One of the last four northern white rhinoceroses (Ceratotherium simum cottoni) has died at San Diego Zoo, leaving just three individuals remaining.
Nola, a 41-year-old female, had to be put down on Sunday November 22 due to deteriorating health after receiving surgery on an infected abscess in her pelvis.
A statement on San Diego Zoo’s Facebook page said: “It is with heavy hearts that we announce the death of Nola, a critically endangered northern white rhino who lived at the San Diego Zoo Safari Park. This is a very difficult loss for the animal care staff who worked with her, our volunteers, guests, and to her species worldwide.
"Please take a moment to share your memories of Nola and your sympathy using the hashtag #Nola4Ever. Nola’s legacy will live forever as her death leaves just three northern white rhinos on the planet.”
The three remaining northern white rhinos all live at the Ol Pejeta Conservancy in Kenya where they are under 24/7 protection by armed guards. To discourage poachers, the last remaining male – Sudan – has had his horn removed. The two remaining females are infertile.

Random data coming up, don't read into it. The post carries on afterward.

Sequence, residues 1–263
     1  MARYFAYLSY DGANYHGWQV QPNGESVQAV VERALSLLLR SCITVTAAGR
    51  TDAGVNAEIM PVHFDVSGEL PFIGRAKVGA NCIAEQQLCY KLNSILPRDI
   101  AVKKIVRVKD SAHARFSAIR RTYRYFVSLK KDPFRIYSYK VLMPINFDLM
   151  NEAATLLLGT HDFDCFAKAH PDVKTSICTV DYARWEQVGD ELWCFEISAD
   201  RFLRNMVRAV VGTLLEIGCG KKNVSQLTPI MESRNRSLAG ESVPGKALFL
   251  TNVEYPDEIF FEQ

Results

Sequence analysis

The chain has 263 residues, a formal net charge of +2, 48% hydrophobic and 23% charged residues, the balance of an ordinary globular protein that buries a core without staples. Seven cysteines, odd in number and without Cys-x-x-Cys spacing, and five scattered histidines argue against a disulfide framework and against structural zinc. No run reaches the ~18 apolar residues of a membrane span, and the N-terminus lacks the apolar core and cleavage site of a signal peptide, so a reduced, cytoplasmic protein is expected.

Poaching was one of the main causes of this species’ decline, although it was once abundant across Chad, the Central African Republic, southwestern Sudan, northern Democratic Republic of the Congo and northwestern Uganda.
A huge blow to these rhinos came through the totally unregulated hunting activities of European colonizers throughout the 19th century.
Their numbers managed to bounce back slightly and there were more than 2,000 as recently as 1960. However, the growth of the upper-middle class in East Asia has seen a huge increase in demand for their horns, which are believed to cure everything from hangovers to cancer in traditional Asian medicine, although we know their horns have no medicinal properties.
Although things currently look bleak for the northern white rhino’s future, San Diego Zoo has started a $2 million (£1.3 million) plan to save the species with the help of their much more bountiful cousins, the southern white rhino. Scientists believe they might be able to use the southern white rhinos to act as surrogate parents to their northern cousins through in vitro fertilization (IVF).